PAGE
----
But it’s always good to know what you can expect.

Blum hardware essentially invented the full extension, undermount, adjustable drawer guides with soft close that is the standard today. They named their invention Blumotion, and Blumotion has become a proprietary eponym – one of those words that everyone uses to describe drawer operation. If your kitchen designer mentions that your new cabinets come with Blumotion, you’ll know you’re getting the best.

Of course, just like cabinet hinges, there are many grades of drawer hardware. Some work just fine, some work when first installed but stop working after use.


“Undermount” means the drawer hardware is fully concealed under the drawer box. You’ll be able to show off the beautifully dovetailed drawers in your new kitchen – if the cabinets you decide on come with dovetailed drawers. No matter if they are or not, the hardware doesn’t show.

“Full-extension” means you can access the back corners of your drawers because the drawers pull all the way out. And they won’t come off their runners and dump your spatulas and ladles onto the floor. Full extension guides have stoppers that keep the drawer from leaving the tracks.

“Soft closing” means that when the drawer is pushed, it glides to a certain point and then hydraulics take over. The drawer is eased to the closed position, gently and quietly.

Having soft closer drawers makes them much safer if you have children whose fingers may get caught when a drawer is slammed shut.

Soft closing drawers also make sure that your drawer contents stay in place. When drawers are slammed, things inside go flying and get scrambled. This will be a thing of the past.

Easy to Remove

If you want to get your drawers out of the cabinet to clean, you squeeze the locking devices under the drawer that are part of the drawer guide system. To put them back in place, just slide them back it. Not need to line up anything – just push them in until you hear the guides snap in place.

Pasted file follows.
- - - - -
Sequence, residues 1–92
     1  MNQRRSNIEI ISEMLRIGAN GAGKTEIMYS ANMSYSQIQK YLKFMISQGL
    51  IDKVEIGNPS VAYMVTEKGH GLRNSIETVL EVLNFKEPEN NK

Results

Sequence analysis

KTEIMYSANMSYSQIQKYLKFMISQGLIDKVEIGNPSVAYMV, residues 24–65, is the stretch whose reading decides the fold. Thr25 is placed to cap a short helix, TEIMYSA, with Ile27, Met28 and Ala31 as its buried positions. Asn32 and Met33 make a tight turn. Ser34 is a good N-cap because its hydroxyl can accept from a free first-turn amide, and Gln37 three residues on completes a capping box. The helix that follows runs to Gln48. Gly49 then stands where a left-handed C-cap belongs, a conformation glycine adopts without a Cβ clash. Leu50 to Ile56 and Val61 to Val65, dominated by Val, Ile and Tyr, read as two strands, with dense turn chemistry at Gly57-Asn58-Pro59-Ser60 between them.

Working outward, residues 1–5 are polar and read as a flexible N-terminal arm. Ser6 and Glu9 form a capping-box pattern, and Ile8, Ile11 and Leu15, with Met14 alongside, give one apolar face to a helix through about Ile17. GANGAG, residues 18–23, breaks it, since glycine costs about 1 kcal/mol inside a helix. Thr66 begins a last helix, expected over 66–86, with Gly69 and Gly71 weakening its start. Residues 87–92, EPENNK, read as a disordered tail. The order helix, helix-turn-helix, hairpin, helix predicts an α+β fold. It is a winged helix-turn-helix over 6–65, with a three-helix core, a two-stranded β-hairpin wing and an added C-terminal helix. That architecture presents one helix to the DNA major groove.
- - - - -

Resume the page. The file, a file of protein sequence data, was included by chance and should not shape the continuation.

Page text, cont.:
Undermount drawer guides are easy to remove
Photo from Blum website

Deep Drawers

One of today’s trends is to include deep drawers in base cabinets for dish storage, pots and pans and/or baking supplies. And having full extension drawer guides for these cabinets makes finding items easy without having to bend over or take everything out to find what you’re looking for.

People have more things to store, which has pushed the demand for increased drawer hardware’s load-bearing capacity. How many La Creuset Dutch ovens can a drawer support?

These deep drawers with heavy contents require hardware that can support the width and weight of the drawer and contents without skewing and wobbling.

You will want to discuss stability for deep, wide drawers with your kitchen designer.

Deep drawers with heavy contents require special drawer guides

Door Lifts

Door lift systems are another functional hardware component. They literally lift your wall cabinet doors up and out of the way. Is “up” better than to the side, the way traditional wall cabinet doors work? It may not be better; it’s just different. But when the lift system feature is combined with traditional doors, cooking and cleanup becomes much easier.  

When many people are in your kitchen, cooking, cleaning up, chatting, and standing around, opening and shutting cabinet doors without whacking anyone in the head can be complicated. With a lift system, however, lift doors stay open and out of the way. This makes it easy to access everything in your wall cabinets without having to open doors into someone’s face.

Some lift-up doors can be opened with only a touch; some can be opened by remote. Some work with bi-fold doors, while others swing up and over the cabinet. Still another variation is the doors that lift and slide up, so the door is parallel to the cabinet front. Options are many.

If you’re considering this feature for your kitchen, your kitchen designer will be your advisor.

Lift up doors stay out of cook’s way
Photo from Blum website


Functional door and drawer hardware is a part of your overall kitchen operation. It can also be part of the look you want to achieve.

We didn’t mention any specific names in this article other than Blum. We used Blum hardware as an example, but many hardware companies, such as Hafele, Salice and Grass, also make excellent functional hardware for cabinets. Their websites contain product descriptions, photos and videos beyond the scope of this article.

We also intentionally kept the information simple; otherwise, we’d have written a book. If you want to learn more, here are a few websites that get into specifics.

KDP exists to offer insight and advice about all things related to kitchen remodeling. Our goal is to connect homeowners with talented, experienced kitchen designers who live and work in their communities. We are a serious resource for anyone preparing to remodel their kitchen so they can make the best possible choices about designers, contractors and products.